Freedom in the World
Zambia received a downward trend arrow due to political violence against the opposition and civil society groups, as well as the judiciary’s failure to demonstrate substantial independence in key decisions throughout the year.
Anticorruption efforts facedsetbacks in 2010, as the government continued to protect former president Frederick Chiluba from legal action related to corruption charges. Several judicial decisions during the year, especially those concerning Chiluba, raised concerns that the executive branch was exercising undue influence over the judiciary. Meanwhile, a climate of violence increasingly pervaded political life, as opposition members and civil society activists were harassed by police and attacked by individuals associated with Zambia’s ruling party.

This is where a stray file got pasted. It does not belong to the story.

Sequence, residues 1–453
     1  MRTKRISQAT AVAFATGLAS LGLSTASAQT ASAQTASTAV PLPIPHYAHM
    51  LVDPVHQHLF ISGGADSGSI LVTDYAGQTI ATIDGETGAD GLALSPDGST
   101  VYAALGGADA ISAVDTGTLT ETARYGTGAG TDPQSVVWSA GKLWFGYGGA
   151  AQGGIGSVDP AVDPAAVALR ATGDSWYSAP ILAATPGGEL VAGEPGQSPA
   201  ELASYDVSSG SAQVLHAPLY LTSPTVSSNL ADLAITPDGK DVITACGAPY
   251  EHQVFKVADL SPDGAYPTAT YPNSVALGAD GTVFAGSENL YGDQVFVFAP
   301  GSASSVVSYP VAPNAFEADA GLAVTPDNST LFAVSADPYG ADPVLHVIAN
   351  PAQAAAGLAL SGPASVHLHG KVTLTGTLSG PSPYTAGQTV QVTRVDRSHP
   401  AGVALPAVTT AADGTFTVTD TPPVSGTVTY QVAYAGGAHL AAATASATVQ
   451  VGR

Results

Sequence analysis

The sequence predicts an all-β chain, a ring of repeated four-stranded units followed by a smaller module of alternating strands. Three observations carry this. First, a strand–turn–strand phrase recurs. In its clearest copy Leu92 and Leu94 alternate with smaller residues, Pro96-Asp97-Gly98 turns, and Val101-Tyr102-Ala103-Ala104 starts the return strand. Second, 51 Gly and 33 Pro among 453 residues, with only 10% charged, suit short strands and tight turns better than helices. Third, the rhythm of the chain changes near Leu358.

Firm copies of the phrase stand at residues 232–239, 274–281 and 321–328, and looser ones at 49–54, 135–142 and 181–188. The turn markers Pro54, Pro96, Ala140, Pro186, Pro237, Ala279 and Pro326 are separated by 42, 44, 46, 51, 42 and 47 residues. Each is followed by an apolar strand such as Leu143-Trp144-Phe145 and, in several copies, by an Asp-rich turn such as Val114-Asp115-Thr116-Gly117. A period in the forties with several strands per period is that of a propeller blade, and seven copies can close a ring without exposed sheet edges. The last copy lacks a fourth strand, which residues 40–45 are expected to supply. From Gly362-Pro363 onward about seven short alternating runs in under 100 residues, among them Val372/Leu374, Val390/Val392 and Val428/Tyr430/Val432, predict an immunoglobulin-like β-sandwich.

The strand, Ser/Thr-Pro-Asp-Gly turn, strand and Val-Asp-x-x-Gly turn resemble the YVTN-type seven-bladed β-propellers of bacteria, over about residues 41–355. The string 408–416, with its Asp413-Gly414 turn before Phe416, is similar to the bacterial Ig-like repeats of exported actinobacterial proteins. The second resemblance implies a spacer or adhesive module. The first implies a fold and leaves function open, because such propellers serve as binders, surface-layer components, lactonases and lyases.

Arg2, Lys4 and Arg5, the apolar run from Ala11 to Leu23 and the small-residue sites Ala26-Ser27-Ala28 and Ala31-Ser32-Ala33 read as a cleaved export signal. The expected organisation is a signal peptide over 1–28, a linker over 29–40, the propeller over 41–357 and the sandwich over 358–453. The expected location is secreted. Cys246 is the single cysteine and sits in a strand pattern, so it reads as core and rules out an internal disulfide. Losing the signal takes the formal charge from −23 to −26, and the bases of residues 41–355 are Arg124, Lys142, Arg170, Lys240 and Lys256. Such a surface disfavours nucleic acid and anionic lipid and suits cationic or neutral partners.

Zambia is an electoral democracy. While local and international observers declared the 2008 presidential elections to be free and fair, opposition parties and civil society groups raised concerns about fraud, including the printing of additional ballot papers and the incumbent’s use of state resources for campaigning. The president and the unicameral National Assembly are elected to serve concurrent five-year terms. The National Assembly includes 150 elected members, as well as 8 members appointed by the president. Although the recent by-elections were marred by violence and intimidation, the opposition has been able to prevail in a number of contests.